Skyrocketing insurance costs are a serious concern for the small town of Paradise in Northern California, which was nearly wiped out by a deadly 2018 wildfire that killed 85 people.

Jen Goodlin moved back to her hometown from Colorado with her family in 2020, determined to help in the town’s recovery. They began building on a lot they had purchased, and moved into their new house in October 2022.

In July, she was shocked to receive notice that the family’s homeowner insurance premium would be $11,245 — up from $2,500.

“Our insurance agent said, ‘Just be thankful we didn’t drop you,’ and I said, ‘You did, you just dropped me,’” she said.

Goodlin, a former dental hygienist who is now executive director of the nonprofit Rebuild Paradise Foundation, said hundreds, if not thousands, of people are being hit by these rate hikes in a town being built with updated fire-safe building codes and little if any fuel to burn. She knows a homeowner whose premium is now $21,000 for a newly constructed home.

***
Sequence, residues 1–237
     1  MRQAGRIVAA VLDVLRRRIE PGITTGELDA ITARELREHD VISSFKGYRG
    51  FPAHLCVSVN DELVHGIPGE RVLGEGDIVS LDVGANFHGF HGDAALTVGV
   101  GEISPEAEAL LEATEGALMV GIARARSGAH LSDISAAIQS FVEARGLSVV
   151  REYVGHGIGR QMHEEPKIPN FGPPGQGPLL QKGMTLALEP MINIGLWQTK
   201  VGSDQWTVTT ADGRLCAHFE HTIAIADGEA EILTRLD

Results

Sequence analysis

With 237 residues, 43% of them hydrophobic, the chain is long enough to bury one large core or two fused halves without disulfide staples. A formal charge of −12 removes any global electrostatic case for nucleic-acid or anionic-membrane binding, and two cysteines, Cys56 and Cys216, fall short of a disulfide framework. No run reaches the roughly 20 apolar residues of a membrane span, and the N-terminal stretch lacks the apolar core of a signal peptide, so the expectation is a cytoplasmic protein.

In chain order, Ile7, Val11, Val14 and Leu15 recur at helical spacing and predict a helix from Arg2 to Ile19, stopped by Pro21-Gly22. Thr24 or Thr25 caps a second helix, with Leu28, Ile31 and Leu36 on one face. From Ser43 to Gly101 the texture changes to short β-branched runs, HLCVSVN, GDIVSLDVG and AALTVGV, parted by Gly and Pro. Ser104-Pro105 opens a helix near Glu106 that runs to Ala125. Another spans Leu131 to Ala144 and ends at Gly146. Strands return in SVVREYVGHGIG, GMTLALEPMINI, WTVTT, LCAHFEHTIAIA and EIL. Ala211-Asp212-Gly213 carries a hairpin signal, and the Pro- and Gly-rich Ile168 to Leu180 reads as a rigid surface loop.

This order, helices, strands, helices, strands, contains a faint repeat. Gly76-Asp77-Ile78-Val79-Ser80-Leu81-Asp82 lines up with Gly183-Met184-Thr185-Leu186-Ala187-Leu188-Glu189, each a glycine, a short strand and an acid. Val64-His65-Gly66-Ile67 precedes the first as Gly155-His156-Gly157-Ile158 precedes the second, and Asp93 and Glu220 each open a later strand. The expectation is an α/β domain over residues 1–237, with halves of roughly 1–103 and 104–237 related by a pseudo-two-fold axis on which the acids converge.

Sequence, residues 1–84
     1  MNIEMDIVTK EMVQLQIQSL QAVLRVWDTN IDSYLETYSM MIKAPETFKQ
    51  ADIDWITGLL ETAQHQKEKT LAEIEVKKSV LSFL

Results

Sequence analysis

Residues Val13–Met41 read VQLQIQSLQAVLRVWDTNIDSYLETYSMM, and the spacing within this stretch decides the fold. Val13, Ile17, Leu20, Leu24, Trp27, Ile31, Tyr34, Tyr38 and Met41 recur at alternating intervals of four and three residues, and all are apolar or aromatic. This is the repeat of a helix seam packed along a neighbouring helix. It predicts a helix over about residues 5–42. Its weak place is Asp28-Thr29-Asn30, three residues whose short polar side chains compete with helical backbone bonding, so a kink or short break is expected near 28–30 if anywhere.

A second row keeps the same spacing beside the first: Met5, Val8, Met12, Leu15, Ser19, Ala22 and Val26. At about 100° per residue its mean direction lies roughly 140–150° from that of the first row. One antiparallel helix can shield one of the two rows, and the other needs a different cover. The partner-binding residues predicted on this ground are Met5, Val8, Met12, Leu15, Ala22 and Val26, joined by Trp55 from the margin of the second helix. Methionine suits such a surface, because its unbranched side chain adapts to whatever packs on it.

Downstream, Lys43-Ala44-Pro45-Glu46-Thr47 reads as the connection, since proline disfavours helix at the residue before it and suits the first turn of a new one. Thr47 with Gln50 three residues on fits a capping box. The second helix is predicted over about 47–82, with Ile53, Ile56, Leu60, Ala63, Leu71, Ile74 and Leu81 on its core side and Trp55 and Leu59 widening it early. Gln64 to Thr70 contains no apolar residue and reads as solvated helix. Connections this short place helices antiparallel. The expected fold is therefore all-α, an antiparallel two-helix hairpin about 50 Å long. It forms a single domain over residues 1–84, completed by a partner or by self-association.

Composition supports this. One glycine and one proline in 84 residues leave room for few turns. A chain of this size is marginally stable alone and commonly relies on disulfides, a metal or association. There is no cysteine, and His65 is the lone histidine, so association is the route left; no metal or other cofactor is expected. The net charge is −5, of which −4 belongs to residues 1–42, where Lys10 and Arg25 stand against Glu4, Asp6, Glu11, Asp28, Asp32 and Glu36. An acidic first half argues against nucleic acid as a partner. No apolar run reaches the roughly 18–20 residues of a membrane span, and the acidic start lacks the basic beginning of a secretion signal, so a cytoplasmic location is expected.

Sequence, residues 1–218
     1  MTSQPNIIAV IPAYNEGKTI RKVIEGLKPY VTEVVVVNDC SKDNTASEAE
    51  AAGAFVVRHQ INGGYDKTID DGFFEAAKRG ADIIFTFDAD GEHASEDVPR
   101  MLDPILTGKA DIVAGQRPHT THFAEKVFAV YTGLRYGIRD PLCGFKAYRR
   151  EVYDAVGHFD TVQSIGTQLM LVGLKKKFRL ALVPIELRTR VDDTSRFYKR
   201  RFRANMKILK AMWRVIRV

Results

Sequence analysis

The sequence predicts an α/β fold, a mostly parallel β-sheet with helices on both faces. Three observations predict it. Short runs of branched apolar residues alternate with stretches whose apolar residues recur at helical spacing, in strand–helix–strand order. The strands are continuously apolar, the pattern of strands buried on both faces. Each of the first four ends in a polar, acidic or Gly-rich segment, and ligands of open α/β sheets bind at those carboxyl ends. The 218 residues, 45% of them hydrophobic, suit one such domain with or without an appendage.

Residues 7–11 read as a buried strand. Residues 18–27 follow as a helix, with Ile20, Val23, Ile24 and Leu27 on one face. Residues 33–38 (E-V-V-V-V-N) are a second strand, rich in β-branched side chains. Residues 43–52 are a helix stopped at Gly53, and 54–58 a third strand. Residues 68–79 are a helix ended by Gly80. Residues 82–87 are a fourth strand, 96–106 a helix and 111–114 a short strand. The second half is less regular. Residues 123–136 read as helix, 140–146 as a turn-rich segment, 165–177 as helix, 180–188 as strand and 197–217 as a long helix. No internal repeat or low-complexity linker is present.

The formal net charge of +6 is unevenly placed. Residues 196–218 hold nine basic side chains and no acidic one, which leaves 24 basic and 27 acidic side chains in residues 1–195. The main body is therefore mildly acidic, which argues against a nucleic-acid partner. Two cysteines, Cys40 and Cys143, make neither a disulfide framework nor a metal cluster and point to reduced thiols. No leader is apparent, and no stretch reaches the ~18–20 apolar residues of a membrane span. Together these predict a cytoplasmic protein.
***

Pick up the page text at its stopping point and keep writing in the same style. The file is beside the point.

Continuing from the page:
Record numbers of Americans are now insured through state-affiliated “insurers of last resort” like California’s FAIR Plan, or Louisiana or Florida’s Citizens property insurance companies. These programs were designed to insure properties where private insurance companies have refused to insure or the price for private insurance is too expensive.

Goodlin will soon be one of those homeowners. She said she’s in the process of transitioning to the FAIR Plan.

The number of homeowners covered by California’s FAIR Plan was 268,321 in 2021, almost double what it was five years before. That figure has almost certainly increased in the last two years, experts say. In Florida, Citizens Property Insurance Corp. now has 1.4 million homeowners’ policies in effect, nearly triple in five years.

In some cases, policymakers have bound the hands of insurance companies, leading to an underpricing of risk. For example, the most a California insurance company can raise a homeowner’s premium by law each year is 7% without involving a public hearing, a process that most insurers want to avoid. Those policies, along with the increased chance of catastrophic events, have led insurers like State Farm and Allstate to either pull out of the California market or pause underwriting new policies.